SiliconFilter

Parse.ly Launches a Smarter Analytics Platform for Publishers

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If you are a decent sized online publisher, chances are, you are spending a lot of time in you analytics software. Sadly, though, most of the standard analytics packages like Google Analytics aren’t so much meant to give publishers a bird-eye view of how their site is doing. Instead, they often feel like they were designed more for marketers than publishers. Parse.ly, which is launching its flagship Dash analytics software out of private beta today, wants to provide a better solution for publishers by offering them a package that focuses almost exclusively on the needs of content-driven sites.

I got a demo of the service last week and was quite impressed with how clearly the Parse.ly team understood what publishers and writers want from a modern stats package. Not only is the software far easier to navigate than Google Analytics, but thanks to the company’s smart semantic tools, it’s also far more useful for publishers.

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Unlike other tools, Parse.ly, for example, understands what your posts are about and can extract keywords and other metadata from them. Thanks to this, you don’t have to rely on your writers’ strict adherence to a tagging taxonomy. Instead, if your are a political site, for example, you can quickly get a glanceable view of how your posts about Newt Gingrich have been doing lately, who wrote the most popular posts about him and then allocate resources accordingly. In the same way, you can see what keywords are driving traffic on your site right now and what the trends for these stories look like.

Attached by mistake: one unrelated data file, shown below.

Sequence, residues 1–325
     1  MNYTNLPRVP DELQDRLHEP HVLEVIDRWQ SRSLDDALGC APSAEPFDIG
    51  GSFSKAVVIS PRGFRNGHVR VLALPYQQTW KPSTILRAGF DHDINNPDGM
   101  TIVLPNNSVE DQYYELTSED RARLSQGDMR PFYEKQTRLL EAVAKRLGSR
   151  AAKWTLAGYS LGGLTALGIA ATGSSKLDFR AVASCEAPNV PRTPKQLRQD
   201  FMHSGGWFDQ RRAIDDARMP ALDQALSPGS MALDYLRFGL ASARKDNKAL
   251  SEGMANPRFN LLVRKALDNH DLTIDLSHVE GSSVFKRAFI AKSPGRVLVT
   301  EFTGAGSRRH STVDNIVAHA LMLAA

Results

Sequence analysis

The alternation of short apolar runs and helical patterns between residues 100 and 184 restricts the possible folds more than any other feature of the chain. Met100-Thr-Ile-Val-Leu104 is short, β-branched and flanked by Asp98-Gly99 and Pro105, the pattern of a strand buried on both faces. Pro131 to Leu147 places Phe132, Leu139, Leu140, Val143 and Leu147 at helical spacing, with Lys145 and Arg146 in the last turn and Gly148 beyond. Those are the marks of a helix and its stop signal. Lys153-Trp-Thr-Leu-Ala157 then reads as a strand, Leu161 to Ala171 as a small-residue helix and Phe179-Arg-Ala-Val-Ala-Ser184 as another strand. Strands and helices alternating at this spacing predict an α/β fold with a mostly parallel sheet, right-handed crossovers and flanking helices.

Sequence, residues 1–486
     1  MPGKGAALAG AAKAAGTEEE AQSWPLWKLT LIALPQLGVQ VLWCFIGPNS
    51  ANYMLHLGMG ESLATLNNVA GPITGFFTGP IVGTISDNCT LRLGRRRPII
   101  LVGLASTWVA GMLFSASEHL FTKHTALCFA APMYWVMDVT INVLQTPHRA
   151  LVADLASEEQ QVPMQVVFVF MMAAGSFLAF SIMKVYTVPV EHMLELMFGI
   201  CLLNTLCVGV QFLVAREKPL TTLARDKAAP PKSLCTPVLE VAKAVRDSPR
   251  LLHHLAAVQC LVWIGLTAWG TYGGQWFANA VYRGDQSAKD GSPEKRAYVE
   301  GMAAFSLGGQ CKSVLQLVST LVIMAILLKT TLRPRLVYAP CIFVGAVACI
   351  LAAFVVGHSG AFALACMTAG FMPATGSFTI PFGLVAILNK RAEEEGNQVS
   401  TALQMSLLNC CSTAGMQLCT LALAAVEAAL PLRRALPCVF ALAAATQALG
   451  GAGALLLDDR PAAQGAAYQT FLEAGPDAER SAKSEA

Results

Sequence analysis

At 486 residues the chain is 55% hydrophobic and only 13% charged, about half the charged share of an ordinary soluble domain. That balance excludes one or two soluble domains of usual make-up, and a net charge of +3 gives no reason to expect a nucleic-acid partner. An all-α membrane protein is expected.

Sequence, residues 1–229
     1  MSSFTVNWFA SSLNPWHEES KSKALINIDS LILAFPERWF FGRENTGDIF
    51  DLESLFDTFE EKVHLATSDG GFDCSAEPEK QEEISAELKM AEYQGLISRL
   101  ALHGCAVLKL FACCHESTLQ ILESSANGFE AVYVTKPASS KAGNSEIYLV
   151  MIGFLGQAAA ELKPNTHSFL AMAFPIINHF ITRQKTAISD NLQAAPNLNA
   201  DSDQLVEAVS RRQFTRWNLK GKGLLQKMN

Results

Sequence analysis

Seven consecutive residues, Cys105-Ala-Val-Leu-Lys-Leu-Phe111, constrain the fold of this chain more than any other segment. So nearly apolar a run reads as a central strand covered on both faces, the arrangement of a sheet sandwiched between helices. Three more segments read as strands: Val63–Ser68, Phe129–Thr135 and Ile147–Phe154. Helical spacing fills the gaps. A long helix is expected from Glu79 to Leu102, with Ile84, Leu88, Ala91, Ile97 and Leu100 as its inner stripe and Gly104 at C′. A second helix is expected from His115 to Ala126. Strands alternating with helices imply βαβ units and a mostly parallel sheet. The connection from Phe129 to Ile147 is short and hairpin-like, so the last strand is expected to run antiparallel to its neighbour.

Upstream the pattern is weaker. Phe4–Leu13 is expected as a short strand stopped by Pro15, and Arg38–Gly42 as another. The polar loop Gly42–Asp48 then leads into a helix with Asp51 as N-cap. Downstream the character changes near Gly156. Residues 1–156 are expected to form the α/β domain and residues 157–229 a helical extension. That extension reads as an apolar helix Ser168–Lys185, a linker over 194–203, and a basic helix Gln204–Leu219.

In contrast, most regular analytics tools today don’t even make it easy for you to see who wrote a story.

The data is compiled in real-time and during its beta test with publishers like The Daily Caller, The Next Web, The Atlantic and a number of other high-traffic sites, Parse.ly analyzed over 4 million URLs and over 4 billion pageviews.

Parse.ly also takes a look at the aggregate data across its network and provides its users with global trends from the sites in its network. In addition, it can also look at social trends, though as the team pointed out to me, having access to its own, more focused data-source helps Parse.ly provide publishers with more timely and far less noisy data.

Not for Small Publishers

Before you get too excited, though, it’s worth noting that Parse.ly isn’t a tool for small publishers. The cheapest plan costs at least $499 per month. That’s pretty pricey compared to the free Google Analytics package or the relatively cheap dedicated real-time stats packages like Woopra, Clicky or Chartbeat, which also offers a dedicated (and similarly priced) package for newsrooms, though without most of the semantic features that Parse.ly offers.



9:01 pm


Woopra 2.0 for iPhone: A Glanceable Dashboard for Your Real-Time Stats